The document comes with a disclaimer which sounds pretty much like a threat: This document is not all-inclusive nor does it restrict the Christina School District and/or Board of Education’s authority to take actions that are appropriate to maintain a safe and orderly educational environment.

A copy of the legalistic Code of Conduct is given to each student upon school entry, and orientation to the Student Code is held in each school at the beginning of the school year. Students and parents/guardians are informed that they "have the responsibility to know and respect the rules as described in this Code of Conduct." Does anyone think a parent of a kindergartner—or an eleventh grader—is going to sit down and read roughly 23,000 words? If you figure an adult reads about 250 words per minute, it would take about an hour an a half to get through this document. And that’s not allowing any time for pauses, thinking about the impact of the rules and punishments. Students and parents might find some consolation in the fact that the Christina School district BOARD OF EDUCATION POLICY MANUAL clocks in at 139 pages long: 38,787 words.

Students and parent/guardian are asked to sign a statement affirming that they have received the Code of Conduct document which describes punishments of everything from failures to be clean and neat to tardiness to forgery to inappropriate sexual behavior to extortion.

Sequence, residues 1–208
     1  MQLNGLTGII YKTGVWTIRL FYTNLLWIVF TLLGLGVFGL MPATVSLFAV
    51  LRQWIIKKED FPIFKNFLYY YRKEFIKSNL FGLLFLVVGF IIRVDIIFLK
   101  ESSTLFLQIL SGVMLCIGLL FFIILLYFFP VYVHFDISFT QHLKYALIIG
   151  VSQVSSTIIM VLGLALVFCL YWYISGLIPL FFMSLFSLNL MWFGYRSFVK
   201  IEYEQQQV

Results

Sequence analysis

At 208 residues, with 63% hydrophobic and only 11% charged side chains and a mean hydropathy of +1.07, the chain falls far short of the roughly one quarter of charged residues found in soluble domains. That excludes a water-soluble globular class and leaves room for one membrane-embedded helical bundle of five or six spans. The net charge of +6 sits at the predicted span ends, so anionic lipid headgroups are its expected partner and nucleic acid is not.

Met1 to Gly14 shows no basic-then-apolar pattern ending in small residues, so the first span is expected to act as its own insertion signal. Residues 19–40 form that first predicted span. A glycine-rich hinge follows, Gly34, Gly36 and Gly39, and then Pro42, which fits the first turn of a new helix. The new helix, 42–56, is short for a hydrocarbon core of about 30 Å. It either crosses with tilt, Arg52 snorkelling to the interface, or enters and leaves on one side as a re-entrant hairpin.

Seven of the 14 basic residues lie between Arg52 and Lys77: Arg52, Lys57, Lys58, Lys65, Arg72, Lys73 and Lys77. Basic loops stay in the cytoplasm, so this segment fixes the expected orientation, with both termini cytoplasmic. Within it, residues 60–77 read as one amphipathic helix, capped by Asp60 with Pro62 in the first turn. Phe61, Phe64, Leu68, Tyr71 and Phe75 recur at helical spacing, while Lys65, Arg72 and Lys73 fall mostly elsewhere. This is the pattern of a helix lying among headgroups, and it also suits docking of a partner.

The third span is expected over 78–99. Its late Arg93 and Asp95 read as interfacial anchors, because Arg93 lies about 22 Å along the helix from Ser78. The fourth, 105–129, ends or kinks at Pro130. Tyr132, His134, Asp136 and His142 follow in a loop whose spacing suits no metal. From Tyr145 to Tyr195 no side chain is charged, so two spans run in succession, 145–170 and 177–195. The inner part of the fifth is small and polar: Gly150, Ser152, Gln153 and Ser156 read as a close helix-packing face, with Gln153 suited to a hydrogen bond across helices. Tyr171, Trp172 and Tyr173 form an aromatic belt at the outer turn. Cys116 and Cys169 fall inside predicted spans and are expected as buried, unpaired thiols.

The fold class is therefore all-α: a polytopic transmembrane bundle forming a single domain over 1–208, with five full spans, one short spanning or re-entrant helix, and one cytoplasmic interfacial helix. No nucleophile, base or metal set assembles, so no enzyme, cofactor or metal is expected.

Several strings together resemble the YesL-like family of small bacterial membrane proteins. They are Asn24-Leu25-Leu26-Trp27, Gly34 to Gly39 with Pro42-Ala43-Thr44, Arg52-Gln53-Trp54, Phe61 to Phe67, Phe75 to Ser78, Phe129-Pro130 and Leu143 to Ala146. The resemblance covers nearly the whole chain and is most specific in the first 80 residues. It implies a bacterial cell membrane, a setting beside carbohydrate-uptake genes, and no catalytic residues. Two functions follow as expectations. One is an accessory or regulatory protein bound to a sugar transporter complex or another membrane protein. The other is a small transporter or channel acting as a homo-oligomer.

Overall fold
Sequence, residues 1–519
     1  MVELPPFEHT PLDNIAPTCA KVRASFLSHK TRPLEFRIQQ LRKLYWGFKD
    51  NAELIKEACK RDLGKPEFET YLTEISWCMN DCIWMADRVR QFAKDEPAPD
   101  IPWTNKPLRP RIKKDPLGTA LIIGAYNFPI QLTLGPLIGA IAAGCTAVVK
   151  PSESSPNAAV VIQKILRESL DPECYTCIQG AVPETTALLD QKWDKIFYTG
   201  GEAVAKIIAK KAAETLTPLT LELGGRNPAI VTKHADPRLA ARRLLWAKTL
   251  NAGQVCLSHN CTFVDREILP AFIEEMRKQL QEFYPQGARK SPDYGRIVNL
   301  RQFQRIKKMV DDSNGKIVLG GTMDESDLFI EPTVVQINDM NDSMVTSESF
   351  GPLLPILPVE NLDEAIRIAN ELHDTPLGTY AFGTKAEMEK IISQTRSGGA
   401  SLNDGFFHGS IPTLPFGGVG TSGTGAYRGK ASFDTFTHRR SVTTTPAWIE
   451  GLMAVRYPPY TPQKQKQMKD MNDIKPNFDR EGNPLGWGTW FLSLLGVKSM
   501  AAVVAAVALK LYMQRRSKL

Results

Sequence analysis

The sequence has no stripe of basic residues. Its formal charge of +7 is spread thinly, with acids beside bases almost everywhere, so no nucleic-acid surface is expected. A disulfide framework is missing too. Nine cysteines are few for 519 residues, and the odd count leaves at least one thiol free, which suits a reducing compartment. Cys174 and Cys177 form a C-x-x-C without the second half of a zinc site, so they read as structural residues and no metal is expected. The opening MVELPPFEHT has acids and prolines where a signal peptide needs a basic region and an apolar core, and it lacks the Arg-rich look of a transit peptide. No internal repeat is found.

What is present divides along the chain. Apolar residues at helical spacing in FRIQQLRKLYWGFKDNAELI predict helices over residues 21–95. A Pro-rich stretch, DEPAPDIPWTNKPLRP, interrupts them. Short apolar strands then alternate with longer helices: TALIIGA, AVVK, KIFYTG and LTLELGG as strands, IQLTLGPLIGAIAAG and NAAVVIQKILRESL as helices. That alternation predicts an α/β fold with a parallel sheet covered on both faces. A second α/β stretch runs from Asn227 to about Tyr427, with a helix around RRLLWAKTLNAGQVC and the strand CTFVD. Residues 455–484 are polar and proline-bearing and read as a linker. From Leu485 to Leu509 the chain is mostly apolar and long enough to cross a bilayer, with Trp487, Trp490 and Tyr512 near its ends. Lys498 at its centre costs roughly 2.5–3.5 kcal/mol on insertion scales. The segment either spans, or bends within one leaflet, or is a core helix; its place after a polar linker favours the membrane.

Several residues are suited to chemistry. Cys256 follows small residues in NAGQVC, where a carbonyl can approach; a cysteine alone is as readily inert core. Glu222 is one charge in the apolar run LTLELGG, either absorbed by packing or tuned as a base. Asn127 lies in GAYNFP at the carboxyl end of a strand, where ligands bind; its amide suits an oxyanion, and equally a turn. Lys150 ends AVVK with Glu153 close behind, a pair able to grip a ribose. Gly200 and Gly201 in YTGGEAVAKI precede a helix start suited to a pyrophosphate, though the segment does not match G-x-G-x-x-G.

The George V. Kirk Middle School in Christina gets very specific about "clean and neat":

  • Sneakers are permitted, but must be black, brown, or navy.

  • No work boots are permitted (Timberlandsâ„¢, for example).

  • No facial piercings are permitted.

  • Corduroy pants are permitted, but must be khaki or navy in color.

  • Cargo pants are not permitted.

  • So does a teacher really have time to check the precise color every student's corduroys? Point of information: Timberlandâ„¢ boots cost $185. Google it with "gangs" and you find that school officials have the dilemma of trying to figure out whether Timberlandsâ„¢ are gang wear or part of retro hip hop fashion. According to The Urban Dictionary, kids refer to them as Tims or Timbs:

  • I'm lacing up my tims, then I am going to kick your azz.